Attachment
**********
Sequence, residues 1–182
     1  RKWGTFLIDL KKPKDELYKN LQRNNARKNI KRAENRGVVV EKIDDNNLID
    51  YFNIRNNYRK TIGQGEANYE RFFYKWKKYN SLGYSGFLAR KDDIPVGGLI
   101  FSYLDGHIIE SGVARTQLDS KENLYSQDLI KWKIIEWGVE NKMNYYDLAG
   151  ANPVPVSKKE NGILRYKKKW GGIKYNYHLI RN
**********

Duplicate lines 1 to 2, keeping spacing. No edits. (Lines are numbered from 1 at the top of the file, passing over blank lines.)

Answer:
Sequence, residues 1–182
     1  RKWGTFLIDL KKPKDELYKN LQRNNARKNI KRAENRGVVV EKIDDNNLID